that you could learn what those actions will be by means of a time machine, a space warp, or some other unpatented gadget.
    But the simple fact is that science fiction, despite its treading on the toes of nuclear physics, has no business claiming the robes of the prophet. That professional S-F writers (as they are familarily known in the pulp magazine trade) were able to write with some knowledgeability of atomic fission as far back as 1940 does not prove they had second sight. It only proves that they read the right science journals, in which the coldly scientific possibilities of the atom were described with accurate detail for them to pick up and embroider.
    It is in its embroideries that the largest merit of science fiction resides. I think any brand of writing, no matter how incredible, which explores regions of man’s imagination heretofore virgin to his interest, is worth reading. One purpose of literature is to transport the reader. Science fiction does that. And ideas and dreams which man has never before thought or imagined give such tales a certain permanence.
    Far be it from one who has grown up with the age of electricity to doubt the old saw that that which can be imagined can be. The world of 1946, even without the atom, would seem as impossible to the world of 1846 as the wildest science fiction stories seem to us to-day. But don't let that fool you. They were writing of men on the Moon as far back as 1835, and they were not joking about it either. People wanted to believe the incredible, and believe it they did, until they were reluctantly disabused of their error.
    Yet it would have been simpler in 1835 to imagine the existence of men on the Moon than it would to conceive of music coming out of a flat piece of rubber, or light from a tiny strand of wire, or of flight by air at speeds near that of sound. It is, therefore, foolhardy for us realistic moderns to sneer too omnisciently at the vagaries of the S-F boys.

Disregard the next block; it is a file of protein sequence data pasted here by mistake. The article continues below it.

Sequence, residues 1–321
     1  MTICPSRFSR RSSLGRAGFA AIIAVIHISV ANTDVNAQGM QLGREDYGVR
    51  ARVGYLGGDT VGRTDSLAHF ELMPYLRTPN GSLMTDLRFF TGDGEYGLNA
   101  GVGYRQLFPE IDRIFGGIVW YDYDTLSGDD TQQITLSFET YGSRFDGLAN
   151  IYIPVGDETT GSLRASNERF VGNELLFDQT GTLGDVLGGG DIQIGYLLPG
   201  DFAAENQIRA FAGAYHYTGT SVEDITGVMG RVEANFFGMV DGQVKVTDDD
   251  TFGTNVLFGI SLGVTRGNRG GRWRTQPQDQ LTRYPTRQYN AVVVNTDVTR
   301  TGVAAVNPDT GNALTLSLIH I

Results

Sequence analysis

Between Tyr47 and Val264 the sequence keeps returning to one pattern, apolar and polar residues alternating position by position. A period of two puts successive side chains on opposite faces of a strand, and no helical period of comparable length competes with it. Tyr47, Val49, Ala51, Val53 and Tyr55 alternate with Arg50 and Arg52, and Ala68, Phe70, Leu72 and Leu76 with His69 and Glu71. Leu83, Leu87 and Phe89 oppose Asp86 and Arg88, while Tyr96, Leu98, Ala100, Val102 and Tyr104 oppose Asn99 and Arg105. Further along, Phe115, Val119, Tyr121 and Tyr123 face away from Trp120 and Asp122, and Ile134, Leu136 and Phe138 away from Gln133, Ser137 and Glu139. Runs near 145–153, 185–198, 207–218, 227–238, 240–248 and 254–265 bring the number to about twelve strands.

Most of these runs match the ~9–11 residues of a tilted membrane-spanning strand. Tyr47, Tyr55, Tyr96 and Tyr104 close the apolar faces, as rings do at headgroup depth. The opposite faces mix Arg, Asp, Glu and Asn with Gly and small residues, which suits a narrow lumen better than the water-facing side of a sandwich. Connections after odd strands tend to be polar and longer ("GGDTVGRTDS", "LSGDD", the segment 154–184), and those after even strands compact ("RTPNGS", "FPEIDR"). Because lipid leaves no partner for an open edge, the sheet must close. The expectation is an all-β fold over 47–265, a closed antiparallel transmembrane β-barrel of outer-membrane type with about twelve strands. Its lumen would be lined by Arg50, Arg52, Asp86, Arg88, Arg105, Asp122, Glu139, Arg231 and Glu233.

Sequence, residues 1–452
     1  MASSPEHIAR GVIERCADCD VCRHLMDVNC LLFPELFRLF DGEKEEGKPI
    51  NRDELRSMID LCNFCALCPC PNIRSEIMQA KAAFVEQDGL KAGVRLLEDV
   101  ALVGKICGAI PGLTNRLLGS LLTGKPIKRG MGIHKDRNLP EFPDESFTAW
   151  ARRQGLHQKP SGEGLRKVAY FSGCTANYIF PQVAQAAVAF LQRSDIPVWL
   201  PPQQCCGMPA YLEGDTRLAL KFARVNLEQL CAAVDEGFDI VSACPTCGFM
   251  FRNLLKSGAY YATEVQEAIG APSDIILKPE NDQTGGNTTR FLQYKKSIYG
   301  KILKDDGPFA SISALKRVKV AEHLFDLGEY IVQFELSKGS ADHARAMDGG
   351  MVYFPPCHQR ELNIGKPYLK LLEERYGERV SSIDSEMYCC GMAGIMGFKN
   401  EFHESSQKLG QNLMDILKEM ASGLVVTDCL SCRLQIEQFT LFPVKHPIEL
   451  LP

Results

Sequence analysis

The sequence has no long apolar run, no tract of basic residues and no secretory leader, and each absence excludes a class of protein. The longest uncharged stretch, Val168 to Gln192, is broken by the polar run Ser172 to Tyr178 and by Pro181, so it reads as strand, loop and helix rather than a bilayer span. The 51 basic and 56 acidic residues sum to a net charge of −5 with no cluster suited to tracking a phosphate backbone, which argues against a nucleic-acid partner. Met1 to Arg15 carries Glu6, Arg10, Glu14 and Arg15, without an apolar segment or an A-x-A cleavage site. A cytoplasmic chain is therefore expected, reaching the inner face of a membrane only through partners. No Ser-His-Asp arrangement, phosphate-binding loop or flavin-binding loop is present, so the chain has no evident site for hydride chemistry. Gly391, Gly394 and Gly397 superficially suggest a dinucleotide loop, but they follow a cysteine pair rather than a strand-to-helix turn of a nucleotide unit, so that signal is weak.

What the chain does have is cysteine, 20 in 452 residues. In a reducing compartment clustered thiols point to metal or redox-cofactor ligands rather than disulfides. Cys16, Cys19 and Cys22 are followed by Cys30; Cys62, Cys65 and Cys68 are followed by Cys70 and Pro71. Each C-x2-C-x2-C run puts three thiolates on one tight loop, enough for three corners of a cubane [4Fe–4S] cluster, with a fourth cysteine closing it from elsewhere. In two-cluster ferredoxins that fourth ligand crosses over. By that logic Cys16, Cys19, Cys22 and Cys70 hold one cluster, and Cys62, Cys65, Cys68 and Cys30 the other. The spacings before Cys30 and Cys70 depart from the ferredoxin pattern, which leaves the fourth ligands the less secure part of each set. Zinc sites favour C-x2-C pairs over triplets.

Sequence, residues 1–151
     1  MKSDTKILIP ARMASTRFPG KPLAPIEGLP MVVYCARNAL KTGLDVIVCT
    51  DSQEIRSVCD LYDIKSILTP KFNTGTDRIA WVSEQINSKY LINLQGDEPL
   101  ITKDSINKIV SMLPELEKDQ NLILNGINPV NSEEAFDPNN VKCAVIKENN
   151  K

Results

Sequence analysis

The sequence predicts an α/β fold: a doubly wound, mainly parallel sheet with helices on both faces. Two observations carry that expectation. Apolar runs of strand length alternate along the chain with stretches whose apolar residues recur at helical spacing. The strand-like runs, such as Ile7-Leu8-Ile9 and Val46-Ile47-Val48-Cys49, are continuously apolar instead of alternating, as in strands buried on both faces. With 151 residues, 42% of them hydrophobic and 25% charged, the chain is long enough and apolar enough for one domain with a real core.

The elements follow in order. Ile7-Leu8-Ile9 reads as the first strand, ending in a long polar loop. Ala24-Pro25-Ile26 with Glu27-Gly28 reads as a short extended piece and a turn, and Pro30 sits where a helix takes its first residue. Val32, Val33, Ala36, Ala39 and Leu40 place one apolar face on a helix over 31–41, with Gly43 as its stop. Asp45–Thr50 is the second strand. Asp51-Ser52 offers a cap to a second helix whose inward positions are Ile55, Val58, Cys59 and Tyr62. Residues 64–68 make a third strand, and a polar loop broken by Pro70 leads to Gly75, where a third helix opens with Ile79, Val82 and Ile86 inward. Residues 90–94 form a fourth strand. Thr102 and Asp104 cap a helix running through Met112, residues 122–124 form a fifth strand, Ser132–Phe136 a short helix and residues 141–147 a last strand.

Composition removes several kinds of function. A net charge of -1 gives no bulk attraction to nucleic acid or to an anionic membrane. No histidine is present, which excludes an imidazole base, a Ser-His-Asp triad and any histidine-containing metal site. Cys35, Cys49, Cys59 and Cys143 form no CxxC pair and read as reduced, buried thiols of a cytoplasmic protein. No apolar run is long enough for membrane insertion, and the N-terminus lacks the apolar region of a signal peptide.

Indeed, much science fiction is definitely possible. Consider how little we know about the world we live on, and in, and under. Moreover, no scientist to-day dare say there cannot be life on the planets, or even on the Moon. We have never been on the Moon; and where we have not been we cannot know, no matter how enormous the magnification of our telescopes, or our microscopes either.
    The best science fiction is that which describes adventures in realms where man has not yet ventured. Just as early descriptions of voyages, with their sea monsters and other impossible fauna and flora, remained true until disproved, so, for the free mind, many of the adventures described in science fiction may as well be thought possible until proved otherwise. It is much more fun that way! For fun, after all, is the primary import of science fiction which, like the detective story and the fairy tale, has one purpose, clear and simple: the purpose of entertaining you.